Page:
Throughout the first half of the twentieth century, so-called “itinerant filmmakers” traveled throughout the United States, Canada, Europe, Australia and New Zealand, visiting smaller cities and making a business out of the creation of local “stars.” These “town booster” or “home talent” films featured community landmarks, businesses and, most importantly, local residents. Many of these “itinerant” films did not feature a narrative structure; rather, the camera simply panned groups of school children, business owners, and factory workers. Other itinerant films, however, either concocted some sort of limited narrative, or mimicked popular Hollywood films and genres as a method through which to focus upon the local community. The local talent films, their premieres heralded and touted in the local print press, were then exhibited along with other “short subjects” before major theatrical features.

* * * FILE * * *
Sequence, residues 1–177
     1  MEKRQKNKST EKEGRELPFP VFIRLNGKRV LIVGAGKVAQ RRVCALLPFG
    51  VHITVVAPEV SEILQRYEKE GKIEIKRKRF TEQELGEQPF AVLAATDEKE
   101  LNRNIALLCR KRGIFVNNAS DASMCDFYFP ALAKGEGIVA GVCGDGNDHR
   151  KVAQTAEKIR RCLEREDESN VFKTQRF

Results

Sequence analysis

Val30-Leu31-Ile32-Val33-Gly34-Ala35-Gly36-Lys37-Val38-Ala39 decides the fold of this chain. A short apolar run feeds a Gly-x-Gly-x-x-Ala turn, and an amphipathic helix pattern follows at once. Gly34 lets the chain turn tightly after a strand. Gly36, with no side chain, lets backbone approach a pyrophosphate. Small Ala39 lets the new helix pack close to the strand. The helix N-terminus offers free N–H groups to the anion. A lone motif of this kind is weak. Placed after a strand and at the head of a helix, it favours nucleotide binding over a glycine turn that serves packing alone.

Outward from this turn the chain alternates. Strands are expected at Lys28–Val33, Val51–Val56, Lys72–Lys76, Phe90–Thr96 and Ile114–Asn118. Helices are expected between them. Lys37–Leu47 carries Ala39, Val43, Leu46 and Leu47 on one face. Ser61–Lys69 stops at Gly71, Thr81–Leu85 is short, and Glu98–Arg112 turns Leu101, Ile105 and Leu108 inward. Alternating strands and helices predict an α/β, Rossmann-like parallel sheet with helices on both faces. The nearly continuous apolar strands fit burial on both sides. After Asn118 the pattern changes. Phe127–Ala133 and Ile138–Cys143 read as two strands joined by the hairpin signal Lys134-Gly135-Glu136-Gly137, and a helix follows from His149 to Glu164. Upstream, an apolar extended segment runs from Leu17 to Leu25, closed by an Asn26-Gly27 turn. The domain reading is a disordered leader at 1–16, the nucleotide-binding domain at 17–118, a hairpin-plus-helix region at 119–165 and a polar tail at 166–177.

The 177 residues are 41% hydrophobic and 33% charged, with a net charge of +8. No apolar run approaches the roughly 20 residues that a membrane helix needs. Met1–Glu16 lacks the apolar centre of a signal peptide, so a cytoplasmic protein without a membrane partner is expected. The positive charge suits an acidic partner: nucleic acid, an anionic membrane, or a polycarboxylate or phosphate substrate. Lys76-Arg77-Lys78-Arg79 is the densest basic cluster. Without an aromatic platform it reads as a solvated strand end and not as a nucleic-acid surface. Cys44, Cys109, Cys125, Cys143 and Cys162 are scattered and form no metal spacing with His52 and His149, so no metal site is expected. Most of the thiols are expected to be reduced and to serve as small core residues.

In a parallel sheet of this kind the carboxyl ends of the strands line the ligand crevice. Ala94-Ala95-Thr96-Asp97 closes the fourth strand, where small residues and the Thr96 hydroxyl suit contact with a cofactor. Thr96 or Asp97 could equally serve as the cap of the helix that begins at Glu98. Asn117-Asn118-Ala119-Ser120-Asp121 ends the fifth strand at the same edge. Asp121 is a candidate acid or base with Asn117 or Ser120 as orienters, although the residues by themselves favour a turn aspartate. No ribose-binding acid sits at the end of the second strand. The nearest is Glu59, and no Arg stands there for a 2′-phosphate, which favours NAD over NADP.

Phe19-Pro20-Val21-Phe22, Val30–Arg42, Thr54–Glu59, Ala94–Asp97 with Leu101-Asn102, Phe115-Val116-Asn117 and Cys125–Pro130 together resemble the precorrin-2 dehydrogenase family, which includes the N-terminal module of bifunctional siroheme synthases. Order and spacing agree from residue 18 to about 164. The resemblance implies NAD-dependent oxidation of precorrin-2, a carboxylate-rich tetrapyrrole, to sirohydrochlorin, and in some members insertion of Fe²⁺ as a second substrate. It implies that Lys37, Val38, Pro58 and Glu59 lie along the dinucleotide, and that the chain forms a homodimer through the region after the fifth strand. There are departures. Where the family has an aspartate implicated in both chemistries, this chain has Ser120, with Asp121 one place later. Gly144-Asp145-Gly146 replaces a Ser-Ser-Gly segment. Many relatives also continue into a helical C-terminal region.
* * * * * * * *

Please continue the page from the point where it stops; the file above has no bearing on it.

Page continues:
View examples of other itinerant films at the Texas Archive of the Moving Image.
The Arthur J. Higgins Texas Films Collection
Watch Texas filmmaker Hugh V. Jamieson talk about his early days as an itinerant filmmaker in this interview.
Download a filmography of known North American Itinerant films here.